Once you set your monthly budget, divide it by 30 as Google will ask you what your daily budget is once you begin the setup process.
Placement of ads are based on a per click bid. As you set up your Google Adwords account, you will need to place a bid on keywords. Let’s say you are willing to pay $1 for every time someone searches for “yard service” and clicks on your ad. You would set this dollar amount as a limit. If your next closest competition bid only 50 cents, you’re not going to pay $1 per click, you are probably going to pay around 51 cents per click, and Google will use your remaining per day budget to place more of your ads within the search results.
On the other hand, if your industry is very competitive and you bid $1 but your competitors are bidding $2 per click, your ad may never show up. Google’s setup process will initially ask you for some keywords and then give you an idea of how much it will cost, you need to go in with some preset idea of how much you are willing to pay.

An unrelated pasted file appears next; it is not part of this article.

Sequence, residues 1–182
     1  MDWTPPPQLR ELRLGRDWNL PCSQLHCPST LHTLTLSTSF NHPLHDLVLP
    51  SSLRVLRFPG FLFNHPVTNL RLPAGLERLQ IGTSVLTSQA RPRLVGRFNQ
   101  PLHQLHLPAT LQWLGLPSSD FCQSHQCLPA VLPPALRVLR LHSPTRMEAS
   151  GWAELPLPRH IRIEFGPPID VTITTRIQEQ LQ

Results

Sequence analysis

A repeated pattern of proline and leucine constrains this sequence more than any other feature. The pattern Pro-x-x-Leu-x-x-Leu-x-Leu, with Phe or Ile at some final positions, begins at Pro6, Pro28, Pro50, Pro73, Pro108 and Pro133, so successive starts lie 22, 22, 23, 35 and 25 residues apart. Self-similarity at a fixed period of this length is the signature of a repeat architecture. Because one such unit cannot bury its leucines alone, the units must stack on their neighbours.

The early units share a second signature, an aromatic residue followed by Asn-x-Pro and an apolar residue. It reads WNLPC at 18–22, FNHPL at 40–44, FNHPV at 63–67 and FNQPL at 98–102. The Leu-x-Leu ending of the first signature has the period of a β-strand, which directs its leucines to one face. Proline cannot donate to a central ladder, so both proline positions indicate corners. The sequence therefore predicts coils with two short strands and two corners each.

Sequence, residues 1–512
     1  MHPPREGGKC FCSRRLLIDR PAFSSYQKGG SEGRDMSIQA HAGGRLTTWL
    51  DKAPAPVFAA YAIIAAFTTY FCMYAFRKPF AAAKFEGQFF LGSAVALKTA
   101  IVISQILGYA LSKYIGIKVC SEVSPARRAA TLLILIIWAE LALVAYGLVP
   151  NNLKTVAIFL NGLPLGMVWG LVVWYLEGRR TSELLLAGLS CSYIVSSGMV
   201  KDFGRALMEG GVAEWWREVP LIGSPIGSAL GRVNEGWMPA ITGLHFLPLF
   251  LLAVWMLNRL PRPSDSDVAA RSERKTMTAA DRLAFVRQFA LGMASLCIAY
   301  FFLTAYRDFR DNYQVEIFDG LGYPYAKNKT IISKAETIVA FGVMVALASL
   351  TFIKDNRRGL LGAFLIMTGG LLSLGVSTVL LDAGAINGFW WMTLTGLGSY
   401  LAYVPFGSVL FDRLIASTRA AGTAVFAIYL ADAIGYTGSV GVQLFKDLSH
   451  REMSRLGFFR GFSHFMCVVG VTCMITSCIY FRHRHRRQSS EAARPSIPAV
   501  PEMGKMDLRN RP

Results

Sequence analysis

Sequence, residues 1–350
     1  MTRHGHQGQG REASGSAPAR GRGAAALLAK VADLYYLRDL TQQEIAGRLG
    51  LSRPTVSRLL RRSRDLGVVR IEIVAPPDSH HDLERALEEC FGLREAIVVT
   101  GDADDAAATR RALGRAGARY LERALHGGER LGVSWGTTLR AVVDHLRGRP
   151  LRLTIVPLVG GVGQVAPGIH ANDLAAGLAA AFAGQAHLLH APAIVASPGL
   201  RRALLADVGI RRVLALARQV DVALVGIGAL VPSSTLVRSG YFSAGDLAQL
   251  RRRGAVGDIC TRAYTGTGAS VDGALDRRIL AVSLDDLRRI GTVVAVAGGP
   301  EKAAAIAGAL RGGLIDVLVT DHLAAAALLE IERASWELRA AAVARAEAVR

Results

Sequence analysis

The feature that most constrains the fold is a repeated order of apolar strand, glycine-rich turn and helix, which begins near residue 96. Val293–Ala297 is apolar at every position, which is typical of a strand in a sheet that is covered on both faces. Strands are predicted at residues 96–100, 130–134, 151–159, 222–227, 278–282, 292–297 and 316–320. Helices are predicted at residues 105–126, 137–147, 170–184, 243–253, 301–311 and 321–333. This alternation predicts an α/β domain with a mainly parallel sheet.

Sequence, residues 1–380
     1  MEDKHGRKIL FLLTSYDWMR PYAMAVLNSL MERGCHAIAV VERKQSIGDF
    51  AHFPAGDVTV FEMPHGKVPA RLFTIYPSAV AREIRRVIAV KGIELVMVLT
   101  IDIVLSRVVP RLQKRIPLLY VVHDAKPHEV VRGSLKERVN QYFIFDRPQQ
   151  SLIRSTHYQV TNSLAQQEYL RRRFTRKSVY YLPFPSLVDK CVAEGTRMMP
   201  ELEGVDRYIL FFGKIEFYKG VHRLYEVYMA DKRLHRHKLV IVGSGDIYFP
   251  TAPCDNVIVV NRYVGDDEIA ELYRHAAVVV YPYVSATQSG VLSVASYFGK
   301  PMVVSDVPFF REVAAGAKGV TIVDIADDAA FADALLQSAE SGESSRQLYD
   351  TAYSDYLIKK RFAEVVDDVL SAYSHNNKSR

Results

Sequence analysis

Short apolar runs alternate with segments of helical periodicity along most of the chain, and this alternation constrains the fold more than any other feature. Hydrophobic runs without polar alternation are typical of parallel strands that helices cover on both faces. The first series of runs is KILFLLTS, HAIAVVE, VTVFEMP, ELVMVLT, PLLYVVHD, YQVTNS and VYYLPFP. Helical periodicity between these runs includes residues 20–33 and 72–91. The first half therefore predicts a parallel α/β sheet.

Control your cost with geographic focus
One of the most powerful tools in online advertising is your ability to target specific groups, including targeting geographic areas. This also allows you to control your costs. If you are selling yard services in Hawaii, why would you want to pay for a click from someone in California? The best way to target is to decide ahead of time on the geographic area of where you want to offer your services and limit the paid ads to searches within that area. You can home in on a State, and set of cities, or drill down to specific zip codes, all within the Google Adwords interface.
Control you cost by using long tail keywords